Former president of Sudan, Omar al-Bashir has long had a history of war. He took power in the midst of Sudan’s civil war, and although he ended fighting that war in 2005, another war was starting. This one was in Darfur, and al-Bashir’s actions regarding Darfur got him accused of crimes against humanity by the International Criminal Court (ICC). In April 2019, the citizens of Sudan overthrew their leader since 1998, Omar al-Bashir, after a long stretch of protesting. This has led to tensions between pro-democracy and military movements as they both vie for power over Sudan now that there is no leader. The protests have been overtly violent and in the capitol, Khartoum, on June 3 dozens of people were killed, and some even were thrown into the Nile River. The pro-democracy and military protesters on August 4, signed a constitutional declaration to jointly form a transitional government in this time of change for the country. In this declaration, the sides will share power for 39 months and then elections will be held after that period to determine a new president of Sudan.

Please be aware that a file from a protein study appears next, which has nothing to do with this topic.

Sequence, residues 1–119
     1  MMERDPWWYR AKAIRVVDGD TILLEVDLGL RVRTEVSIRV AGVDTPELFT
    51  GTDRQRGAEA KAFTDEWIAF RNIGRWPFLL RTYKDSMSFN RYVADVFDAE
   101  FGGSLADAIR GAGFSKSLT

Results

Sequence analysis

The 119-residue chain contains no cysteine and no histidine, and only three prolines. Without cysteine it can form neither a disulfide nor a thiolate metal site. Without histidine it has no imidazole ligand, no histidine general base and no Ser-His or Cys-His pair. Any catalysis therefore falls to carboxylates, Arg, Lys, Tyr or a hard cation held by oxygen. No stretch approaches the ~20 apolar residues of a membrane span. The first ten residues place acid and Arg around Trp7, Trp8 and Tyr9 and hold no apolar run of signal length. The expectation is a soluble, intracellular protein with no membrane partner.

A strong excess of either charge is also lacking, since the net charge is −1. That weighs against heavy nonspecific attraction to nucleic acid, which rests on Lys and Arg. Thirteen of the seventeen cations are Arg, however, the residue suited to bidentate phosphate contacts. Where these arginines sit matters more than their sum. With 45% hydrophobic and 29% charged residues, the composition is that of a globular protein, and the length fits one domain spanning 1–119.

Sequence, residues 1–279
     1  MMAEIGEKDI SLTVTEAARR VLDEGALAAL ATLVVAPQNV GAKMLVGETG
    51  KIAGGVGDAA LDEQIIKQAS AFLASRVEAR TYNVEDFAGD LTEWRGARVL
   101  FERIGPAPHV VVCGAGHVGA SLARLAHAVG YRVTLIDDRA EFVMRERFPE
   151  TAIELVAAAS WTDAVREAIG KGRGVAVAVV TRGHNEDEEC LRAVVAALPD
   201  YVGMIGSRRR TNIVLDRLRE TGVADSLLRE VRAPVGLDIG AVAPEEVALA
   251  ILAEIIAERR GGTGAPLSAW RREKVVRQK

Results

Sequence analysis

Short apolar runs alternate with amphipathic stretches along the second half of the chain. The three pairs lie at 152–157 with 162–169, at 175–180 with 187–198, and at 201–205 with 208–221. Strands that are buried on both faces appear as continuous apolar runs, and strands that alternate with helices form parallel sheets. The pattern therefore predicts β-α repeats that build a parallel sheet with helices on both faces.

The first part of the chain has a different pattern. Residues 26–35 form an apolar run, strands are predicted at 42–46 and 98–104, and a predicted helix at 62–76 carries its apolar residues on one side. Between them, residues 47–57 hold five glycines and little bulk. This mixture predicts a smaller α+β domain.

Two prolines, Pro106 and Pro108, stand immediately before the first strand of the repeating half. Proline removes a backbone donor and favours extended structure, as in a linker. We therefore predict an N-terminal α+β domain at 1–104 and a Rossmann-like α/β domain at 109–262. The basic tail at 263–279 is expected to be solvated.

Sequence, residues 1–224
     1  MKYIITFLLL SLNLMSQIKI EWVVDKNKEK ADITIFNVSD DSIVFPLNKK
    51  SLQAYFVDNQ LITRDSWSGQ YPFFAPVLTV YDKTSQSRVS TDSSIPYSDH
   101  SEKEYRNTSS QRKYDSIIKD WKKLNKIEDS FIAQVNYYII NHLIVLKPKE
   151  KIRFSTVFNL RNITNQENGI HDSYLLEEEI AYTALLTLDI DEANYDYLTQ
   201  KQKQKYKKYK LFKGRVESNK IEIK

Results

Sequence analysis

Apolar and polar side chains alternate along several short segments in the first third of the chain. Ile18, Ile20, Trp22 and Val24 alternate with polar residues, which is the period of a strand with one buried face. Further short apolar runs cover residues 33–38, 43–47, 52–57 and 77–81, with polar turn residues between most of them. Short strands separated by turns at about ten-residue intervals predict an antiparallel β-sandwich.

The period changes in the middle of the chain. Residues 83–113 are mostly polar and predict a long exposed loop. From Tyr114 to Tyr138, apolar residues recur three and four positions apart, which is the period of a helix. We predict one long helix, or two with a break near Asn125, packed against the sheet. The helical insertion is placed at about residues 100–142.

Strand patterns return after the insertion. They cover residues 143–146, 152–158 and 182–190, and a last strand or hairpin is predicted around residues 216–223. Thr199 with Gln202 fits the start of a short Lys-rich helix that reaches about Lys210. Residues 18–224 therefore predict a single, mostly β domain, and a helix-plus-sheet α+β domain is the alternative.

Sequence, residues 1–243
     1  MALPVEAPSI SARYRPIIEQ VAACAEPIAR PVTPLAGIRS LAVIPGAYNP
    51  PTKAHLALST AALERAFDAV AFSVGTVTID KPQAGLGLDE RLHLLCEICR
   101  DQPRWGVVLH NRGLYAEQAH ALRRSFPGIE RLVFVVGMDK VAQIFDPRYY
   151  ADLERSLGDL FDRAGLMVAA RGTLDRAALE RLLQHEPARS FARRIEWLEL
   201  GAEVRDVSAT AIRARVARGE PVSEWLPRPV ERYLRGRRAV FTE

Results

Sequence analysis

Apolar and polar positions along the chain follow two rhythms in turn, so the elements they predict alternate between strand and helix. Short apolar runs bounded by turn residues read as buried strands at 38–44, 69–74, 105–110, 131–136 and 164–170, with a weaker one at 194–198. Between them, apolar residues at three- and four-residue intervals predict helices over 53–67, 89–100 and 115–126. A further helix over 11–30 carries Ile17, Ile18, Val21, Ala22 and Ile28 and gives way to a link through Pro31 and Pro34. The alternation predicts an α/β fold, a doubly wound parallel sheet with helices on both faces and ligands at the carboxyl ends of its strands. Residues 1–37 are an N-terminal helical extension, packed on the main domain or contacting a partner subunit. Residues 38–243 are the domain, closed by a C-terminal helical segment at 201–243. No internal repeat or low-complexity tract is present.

By Eliana Sauer